Sjolander Road Fellowship

Declaring the God of Unconditional Love

eliminate the silence



The doctrine of eternal torment is always inescapably in the background of the message of Christianity. It makes no difference whether it is specifically stated or not. Hell is a part of Christianity as understood by almost everyone.


The Christian concept of salvation means an escape or rescue from some threat; so identifying the threat is unavoidable. Even the “unchurched” are familiar with the doctrine of an angry God who demands justice and threatens hellfire.


Despite this basic tenet of Christian theology, many, if not most, in Christianity choose to avoid the explicit reference to eternal torment as part of their rhetoric or liturgical practice. This has been noticed by ardent fundamentalists who condemn the absence of a definitive mention of Hell in the average church message. They at least acknowledge that such an important part of Orthodox doctrine and the entire concept of salvation cannot be avoided while being true to the church’s longstanding understanding of Christ and the church.


Whenever the Gospel is presented as a love story- God so loved the world per John 3:16- it becomes problematic to inject a direct reference to Hell. Love and eternal punishment don’t mesh well with our concept of love or sense of justice. The suggestion that God can love but be required to exact justice in the form of eternal torment despite that love seems quite preposterous to a lot of folks. That includes, to a troubling degree, those in the church apparently. Otherwise one would rightfully expect Hell to be front and center in every sermon. If salvation is the goal, the issue of saved from what should an integral part of the message.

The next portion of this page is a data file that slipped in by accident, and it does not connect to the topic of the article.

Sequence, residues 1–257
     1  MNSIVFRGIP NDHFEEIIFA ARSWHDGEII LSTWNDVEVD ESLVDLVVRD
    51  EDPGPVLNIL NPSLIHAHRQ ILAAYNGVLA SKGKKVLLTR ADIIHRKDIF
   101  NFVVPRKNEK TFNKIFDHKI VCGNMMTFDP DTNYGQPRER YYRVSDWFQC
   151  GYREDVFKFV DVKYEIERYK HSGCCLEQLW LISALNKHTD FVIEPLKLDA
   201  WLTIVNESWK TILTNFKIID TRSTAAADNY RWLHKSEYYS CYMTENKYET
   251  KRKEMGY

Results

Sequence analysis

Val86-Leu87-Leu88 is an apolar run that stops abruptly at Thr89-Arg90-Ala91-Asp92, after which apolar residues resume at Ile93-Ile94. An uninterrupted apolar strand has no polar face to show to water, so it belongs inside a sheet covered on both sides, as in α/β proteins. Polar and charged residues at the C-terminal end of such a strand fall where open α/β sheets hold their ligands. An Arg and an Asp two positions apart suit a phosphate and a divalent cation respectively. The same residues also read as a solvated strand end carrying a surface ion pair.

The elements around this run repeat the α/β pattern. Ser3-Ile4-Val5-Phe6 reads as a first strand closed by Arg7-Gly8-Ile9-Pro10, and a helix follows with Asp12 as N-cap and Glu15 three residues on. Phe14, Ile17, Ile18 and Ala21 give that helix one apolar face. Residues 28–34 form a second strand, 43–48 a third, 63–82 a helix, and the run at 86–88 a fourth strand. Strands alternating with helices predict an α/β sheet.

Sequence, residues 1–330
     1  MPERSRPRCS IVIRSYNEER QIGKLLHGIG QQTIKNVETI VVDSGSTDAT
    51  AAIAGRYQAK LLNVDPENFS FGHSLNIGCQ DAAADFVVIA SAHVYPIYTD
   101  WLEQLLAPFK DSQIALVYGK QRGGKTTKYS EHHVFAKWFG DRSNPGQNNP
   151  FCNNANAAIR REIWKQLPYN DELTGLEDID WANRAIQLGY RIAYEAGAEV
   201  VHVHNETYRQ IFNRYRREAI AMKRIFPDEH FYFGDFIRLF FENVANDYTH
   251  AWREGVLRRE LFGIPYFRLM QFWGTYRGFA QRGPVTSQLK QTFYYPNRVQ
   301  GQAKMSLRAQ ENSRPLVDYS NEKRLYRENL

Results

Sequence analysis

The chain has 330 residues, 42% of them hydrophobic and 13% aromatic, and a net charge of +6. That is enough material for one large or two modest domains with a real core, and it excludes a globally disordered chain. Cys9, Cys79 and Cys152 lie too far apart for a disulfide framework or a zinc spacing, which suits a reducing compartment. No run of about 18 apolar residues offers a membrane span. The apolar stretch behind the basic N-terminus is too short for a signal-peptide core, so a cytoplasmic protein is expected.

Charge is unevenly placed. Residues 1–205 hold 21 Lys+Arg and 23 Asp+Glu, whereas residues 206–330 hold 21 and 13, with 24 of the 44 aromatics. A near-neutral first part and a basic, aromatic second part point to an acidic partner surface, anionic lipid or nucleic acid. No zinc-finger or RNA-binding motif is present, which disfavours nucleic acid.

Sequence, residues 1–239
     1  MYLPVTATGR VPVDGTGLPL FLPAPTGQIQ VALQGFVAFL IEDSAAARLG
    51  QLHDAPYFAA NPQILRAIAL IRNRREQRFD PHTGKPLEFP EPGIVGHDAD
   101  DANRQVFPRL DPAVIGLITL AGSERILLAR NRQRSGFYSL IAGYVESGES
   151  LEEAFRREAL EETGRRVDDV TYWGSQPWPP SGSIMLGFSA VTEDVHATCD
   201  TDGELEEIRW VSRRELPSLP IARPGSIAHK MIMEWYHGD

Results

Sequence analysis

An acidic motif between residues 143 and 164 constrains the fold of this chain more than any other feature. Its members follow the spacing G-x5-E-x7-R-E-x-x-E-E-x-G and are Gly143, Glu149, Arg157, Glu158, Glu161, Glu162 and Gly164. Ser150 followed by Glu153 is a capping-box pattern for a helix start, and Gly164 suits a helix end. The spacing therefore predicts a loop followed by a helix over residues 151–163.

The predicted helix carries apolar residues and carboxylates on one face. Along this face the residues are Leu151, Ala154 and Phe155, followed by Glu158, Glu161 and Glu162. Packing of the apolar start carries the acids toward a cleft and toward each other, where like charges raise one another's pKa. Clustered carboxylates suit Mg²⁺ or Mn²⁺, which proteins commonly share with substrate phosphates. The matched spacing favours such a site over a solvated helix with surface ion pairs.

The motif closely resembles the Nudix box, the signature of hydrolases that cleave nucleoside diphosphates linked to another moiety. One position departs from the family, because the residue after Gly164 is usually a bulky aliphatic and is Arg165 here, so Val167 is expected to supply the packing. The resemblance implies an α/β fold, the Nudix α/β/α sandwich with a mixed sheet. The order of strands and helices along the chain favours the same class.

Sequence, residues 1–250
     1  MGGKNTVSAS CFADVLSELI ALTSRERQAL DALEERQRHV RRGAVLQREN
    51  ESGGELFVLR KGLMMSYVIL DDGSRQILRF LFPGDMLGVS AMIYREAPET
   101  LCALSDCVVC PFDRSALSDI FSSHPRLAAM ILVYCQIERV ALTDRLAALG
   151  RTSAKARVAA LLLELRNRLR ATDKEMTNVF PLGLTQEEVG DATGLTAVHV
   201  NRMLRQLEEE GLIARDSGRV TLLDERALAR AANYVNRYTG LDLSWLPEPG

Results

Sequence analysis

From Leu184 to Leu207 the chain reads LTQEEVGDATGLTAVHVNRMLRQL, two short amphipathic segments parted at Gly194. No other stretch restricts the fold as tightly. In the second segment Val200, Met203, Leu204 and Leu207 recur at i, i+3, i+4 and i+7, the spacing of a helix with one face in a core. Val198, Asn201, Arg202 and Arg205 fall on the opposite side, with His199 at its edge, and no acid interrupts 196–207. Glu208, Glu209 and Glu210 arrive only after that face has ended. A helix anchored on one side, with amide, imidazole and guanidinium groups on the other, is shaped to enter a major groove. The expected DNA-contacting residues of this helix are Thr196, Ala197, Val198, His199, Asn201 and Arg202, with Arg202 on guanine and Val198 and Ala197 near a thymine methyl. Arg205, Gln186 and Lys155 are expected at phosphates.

The fundamentalists raise a basic  question for their more reticent fellow believers. Why try to whitewash the Gospel with all this emphasis on God’s love if the real goal in being a Christian is to escape from God’s divine wrath?


It would indeed be refreshing for all Christians and Christian groups to be clear about their view of salvation and what threat is eliminated when one is saved. Otherwise how can anyone know what being saved really means?


Additionally, the resulting re-evaluation of the background and basis for this uncomfortable doctrine should  properly dispense with it altogether. A simple study of the Hebrew and Greek words which translate “hell” and “eternal” in the Old and New Testaments would suffice to raise serious questions about the church’s historical insistence on unending torment. Wouldn’t it be wonderful to have a hell free Christianity and no longer have to sell a story loaded with such bad news?